5th December, is World Soil Day – the one day in the year that the United Nations asks us all to think about the role of soil in our daily lives. Farmers already know the central importance of the soil to their business and its future. However, current crop production levels are often maintained by increased inputs, such as fertilisers, pesticides and technology which can mask losses in production due to reduced soil quality.
Good soil management also helps to protect us from many environmental problems. If we look to the problems of food supply, flooding, and climate change, many of the answers lie in the soil. This fragile crust of soil is complex and still mysterious, but every year scientific research reveals more about its importance to supporting our lives on earth.
CCRI’s soil experts, Jane Mills and Julie Ingram, participated in the EU ‘Soil stakeholders’ conference’ in Brussels, which is a contribution of the European Commission to World Soil Day 2016.
The CCRI has been collaborating on two major EU funded projects to investigate how soil quality can be improved.
SoilCare is investigating ways in which soil quality can be improved through cropping systems and techniques, benefiting both the profitability of farms and the environment. Such soil improvement is necessary to break the negative spiral of soil degradation, increased inputs, increased costs and damage to the environment.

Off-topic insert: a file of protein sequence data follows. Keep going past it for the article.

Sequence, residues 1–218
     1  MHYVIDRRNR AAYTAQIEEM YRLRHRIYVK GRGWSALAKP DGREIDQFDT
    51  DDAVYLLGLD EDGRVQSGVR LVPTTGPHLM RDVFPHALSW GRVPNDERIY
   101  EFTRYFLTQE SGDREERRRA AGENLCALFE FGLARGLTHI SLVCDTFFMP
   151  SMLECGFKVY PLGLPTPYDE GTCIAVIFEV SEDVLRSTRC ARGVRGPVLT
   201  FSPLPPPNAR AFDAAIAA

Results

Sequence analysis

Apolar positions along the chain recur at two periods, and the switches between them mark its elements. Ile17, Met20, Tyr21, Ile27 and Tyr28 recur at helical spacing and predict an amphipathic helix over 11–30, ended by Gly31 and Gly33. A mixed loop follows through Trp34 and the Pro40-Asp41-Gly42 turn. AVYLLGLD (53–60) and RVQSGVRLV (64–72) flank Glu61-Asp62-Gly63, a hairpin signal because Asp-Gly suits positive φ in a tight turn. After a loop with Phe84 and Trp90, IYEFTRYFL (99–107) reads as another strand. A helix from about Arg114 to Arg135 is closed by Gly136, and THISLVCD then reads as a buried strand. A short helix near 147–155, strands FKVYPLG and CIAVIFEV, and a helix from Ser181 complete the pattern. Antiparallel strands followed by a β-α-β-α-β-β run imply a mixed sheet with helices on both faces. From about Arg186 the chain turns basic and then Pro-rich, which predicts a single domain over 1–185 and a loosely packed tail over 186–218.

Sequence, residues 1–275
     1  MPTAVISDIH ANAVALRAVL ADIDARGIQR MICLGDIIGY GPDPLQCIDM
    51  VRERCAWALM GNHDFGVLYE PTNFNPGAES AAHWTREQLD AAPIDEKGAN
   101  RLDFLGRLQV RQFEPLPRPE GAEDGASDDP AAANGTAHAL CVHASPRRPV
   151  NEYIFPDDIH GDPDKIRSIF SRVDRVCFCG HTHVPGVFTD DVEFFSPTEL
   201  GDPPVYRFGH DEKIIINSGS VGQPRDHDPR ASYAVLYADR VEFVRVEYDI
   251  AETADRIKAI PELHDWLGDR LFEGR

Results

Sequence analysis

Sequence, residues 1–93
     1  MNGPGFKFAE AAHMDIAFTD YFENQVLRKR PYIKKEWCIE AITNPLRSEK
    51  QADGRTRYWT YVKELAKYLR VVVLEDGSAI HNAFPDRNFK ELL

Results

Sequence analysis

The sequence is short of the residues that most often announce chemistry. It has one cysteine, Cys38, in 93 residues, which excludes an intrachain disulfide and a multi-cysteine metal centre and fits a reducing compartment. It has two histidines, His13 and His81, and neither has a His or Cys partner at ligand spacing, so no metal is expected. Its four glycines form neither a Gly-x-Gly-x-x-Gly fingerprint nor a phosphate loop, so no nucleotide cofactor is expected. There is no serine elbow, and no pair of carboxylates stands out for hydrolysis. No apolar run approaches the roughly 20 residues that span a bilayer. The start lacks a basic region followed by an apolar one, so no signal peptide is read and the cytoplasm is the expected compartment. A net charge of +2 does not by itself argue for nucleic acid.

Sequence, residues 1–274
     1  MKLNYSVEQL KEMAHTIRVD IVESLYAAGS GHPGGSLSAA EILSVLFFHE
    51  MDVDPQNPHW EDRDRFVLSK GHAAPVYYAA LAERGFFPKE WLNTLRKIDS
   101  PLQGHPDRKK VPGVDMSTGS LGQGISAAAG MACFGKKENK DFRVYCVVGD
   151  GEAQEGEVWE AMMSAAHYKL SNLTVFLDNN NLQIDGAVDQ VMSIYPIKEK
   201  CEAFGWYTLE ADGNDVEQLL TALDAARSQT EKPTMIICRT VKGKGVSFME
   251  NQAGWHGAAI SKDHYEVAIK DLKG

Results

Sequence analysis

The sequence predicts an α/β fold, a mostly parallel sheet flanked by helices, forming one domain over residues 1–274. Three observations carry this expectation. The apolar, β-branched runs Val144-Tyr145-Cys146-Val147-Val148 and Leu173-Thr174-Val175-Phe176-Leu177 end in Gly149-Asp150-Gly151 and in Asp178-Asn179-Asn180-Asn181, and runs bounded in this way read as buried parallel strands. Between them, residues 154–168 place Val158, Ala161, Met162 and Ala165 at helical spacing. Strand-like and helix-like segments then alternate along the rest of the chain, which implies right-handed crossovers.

This project brings scientists from 16 countries across Europe together to work on trial plots where cropping systems will be tested to find out how improving the soil can boost and sustain productivity. Working on 16 trials across Europe that represent not only different climatic conditions but soil types and crop types, the project is looking to solutions that can be easily adopted by farmers across Europe. The University of Gloucestershire, Newcastle University and the Game and Wildlife Conversation Trust are all involved from the UK.
For the other project, RECARE, test plots across Europe are being used to find practical solutions to soil-based problems as diverse as the impacts of wildfire on soil erosion to how to reclaim the soil from the deserts created by arctic winds in Iceland. Through to cleaning up polluted soils in Romania and Spain and through planting trees and using plants to mop up toxic metals. The project has now reached its mid-point.
Media Releases for the SoilCare and RECARE projects were released on 5th December.Download SoilCare Media Release for World Soil Day 2016 Download RECARE Media Release for World Soil Day 2016